Hometown: Winslow, Ark.
Family: Wife, Liz; infant son Sawyer
In Town: “I began working for the Fayetteville Lewis Automotive Group 14 years ago as a car salesman at our used car lot in Farmington, Ark. Next I was promoted to service advisor at Lewis Ford and then credit acceptance manager five years ago. My wife Liz works as an area office manager for River Valley Primary Care, a family health clinic group. While her primary office is in Fort Smith, Ark., her job responsibility covers several facilities. We are also youth directors at the Blackburn Community Church.”
In the Country: “Our family currently owns 240 acres in Winslow accumulated through purchase, family and inheritance. I grew up around cattle and showed Limousins each year during high school, keeping the cattle on my dad’s farm, which is also in Winslow. My earliest memory is when I was 5 and the cows got out because coyotes were chasing them. They tore through a fence and I remember a large number of four-wheelers and trucks chasing them for a long time before finally catching them. My current herd has 17 heavily black Limousin influenced mommas and one registered Limousin bull. Because our days are so long and raising the cattle is a sideline rather than a full-time income, the bull runs with the cows all of the time. It doesn’t take long to check 18 cows daily, and I love when I find a new calf on the ground. In order to maintain fresh pasture for our cattle and to avoid fly and worm issues, my father-in-law created five paddocks of 15 acres each. The cattle do not return to a pasture for about six months, and we drag pastures to help speed the natural decomposition process. We have a total of about 100 pasture acres with the rest being wooded. Each paddock has its own pond so water is not an issue. Though my mommas and the bull mostly graze, they are supplemented with small amounts of range cubes and a grain mix to keep and mommas’ hips strong because our bull produces large, strong calves. The grain also keeps the animals easy to approach. The calves, on the other hand, are heavily grained because we sell to individuals when the calves are a year old or save them for our own consumption. The point is all of us know the source and pre-market care of the beef we eat. Our calves are large, tame, well developed and grow out well. We perform our own veterinary services, including banding, vaccinating, tagging for genetic records and treating whenever something like pinkeye pops up.”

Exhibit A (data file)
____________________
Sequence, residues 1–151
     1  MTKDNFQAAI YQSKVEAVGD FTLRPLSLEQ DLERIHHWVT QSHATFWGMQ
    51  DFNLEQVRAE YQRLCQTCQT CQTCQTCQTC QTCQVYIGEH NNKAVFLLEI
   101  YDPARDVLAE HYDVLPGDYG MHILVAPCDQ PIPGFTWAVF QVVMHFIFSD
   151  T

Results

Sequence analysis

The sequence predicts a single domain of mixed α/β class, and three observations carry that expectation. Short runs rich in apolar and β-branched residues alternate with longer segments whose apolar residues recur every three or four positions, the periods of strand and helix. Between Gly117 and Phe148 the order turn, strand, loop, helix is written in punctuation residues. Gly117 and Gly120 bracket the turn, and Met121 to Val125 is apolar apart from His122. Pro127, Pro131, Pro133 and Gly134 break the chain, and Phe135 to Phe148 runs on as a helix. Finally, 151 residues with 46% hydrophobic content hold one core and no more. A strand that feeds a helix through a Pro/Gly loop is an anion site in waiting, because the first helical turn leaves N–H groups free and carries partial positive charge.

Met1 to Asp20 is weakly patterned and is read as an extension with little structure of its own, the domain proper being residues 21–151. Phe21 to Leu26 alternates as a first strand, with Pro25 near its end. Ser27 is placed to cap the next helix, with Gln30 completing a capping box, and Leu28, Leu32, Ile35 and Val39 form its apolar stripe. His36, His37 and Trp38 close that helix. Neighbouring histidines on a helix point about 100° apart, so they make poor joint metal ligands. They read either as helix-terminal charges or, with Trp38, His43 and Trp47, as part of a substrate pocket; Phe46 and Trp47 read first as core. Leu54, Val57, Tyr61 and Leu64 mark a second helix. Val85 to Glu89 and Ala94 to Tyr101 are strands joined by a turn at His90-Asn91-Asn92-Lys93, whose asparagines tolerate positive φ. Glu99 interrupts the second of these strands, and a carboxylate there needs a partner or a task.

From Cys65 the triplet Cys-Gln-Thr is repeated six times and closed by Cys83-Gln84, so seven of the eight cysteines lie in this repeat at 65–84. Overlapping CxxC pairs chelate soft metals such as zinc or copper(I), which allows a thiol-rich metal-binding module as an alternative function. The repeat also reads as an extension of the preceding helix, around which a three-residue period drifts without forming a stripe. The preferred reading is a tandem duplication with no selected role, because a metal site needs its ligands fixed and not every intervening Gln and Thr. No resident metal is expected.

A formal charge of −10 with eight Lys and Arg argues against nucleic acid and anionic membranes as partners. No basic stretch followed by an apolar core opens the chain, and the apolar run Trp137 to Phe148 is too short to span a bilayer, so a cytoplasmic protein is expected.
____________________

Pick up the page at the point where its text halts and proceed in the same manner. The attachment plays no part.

Future: “For now the purpose of our herd is to provide stress relief as well as meat for ourselves and for our customers. In the future, however, I am considering expanding and raising a 30-50 head herd of beefalo. I believe the niche market for extra healthy protein will lead to the greater demand for this naturally low-fat meat. I would like to be ahead of the game and ready to supply meat for that demand when it occurs. Finally, Liz and I want to raise Sawyer in an agricultural life, perhaps starting a showing career with a blue butt pig the way I did.”http://www.ozarksfn.com/2017/10/02/shane-donahue/http://www.ozarksfn.com/wp-content/uploads/2017/09/Donahue-1024x768.jpghttp://www.ozarksfn.com/wp-content/uploads/2017/09/Donahue-150x150.jpgArkansas / Oklahoma Town & CountryTown & CountryArkansas,Cattle,limousin,Shane Donahue,WinslowHometown: Winslow, Ark. Family: Wife, Liz; infant son Sawyer In Town: “I began working for the Fayetteville Lewis Automotive Group 14 years ago as a car salesman at our used car lot in Farmington, Ark. Next I was promoted to service advisor at Lewis Ford and then credit acceptance manager five...Terry RoppTerry Roppterrymerrill@hotmail.comAuthorOzarks Farm & Neighbor Newspaper